Easy regulation, promotion of innovation and the inclusion of provisions that relate to M2M communication and IoT. Those are some of the promises of a planned Indian overhaul of telecom laws.
The Indian Telegraph Act came into effect in 1885. The Indian Wireless Telegraphy Act dates back to 1933. Now the country’s Department of Telecommunications (DoT) hopes that these often inappropriate laws can be updated with rules that embody current reality and evolving communication trends – before the launch of 5G.
Legal experts from the National Law University (NLU) in Delhi will help with the redraft, whose provisions will take into account developing areas like machine-to-machine (M2M) communication and the internet of things (IoT), among other key elements of 5G technology.
NLU has been given four months to prepare the new draft; it will then provide suggestions to the DoT. Its experts will be advised by academics from technical and economic backgrounds.
Not surprisingly, this development has been widely reported in a number of Indian publications including Mint, which suggests that this overhaul is required to support prime minister Narendra Modi’s Digital India mission.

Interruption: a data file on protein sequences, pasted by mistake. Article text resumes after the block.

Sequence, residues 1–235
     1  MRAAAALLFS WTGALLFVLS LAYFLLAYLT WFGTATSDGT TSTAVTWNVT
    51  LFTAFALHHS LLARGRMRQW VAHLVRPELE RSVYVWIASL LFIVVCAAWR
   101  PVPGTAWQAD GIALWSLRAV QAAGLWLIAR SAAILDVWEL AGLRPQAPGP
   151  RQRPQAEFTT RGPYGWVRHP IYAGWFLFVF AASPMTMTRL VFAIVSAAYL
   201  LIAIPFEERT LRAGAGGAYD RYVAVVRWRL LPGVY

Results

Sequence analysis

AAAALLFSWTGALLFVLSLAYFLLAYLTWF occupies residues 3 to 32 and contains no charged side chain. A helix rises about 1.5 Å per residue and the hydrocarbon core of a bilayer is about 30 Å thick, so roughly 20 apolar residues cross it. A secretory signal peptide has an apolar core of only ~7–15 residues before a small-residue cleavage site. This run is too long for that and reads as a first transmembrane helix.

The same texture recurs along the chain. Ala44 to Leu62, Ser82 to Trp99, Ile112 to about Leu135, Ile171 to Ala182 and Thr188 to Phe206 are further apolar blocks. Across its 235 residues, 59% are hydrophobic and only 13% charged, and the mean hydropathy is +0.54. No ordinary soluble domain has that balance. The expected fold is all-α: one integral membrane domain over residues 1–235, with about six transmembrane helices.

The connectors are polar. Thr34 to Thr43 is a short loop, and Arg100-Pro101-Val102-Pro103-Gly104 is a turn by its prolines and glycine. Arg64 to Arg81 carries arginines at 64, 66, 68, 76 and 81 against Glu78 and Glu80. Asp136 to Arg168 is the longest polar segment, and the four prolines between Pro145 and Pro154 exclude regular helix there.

There will be a lot to take into account: net neutrality, traffic management of differential pricing (especially in the context of IoT) and consumer rights being only a few of the areas that will need examination.
Telecom infrastructure and the often vexed question of right of way rules for network development will also be on the agenda, along with other issues such as spectrum allocation, security requirements, authentication and a lot more.
This update to the telecoms laws is likely to be a welcome development among operators and vendors, though it does beg the question of whether the new laws will be in place well before the next 5G spectrum auctions, for which there is not yet a date. Also, will four months be enough?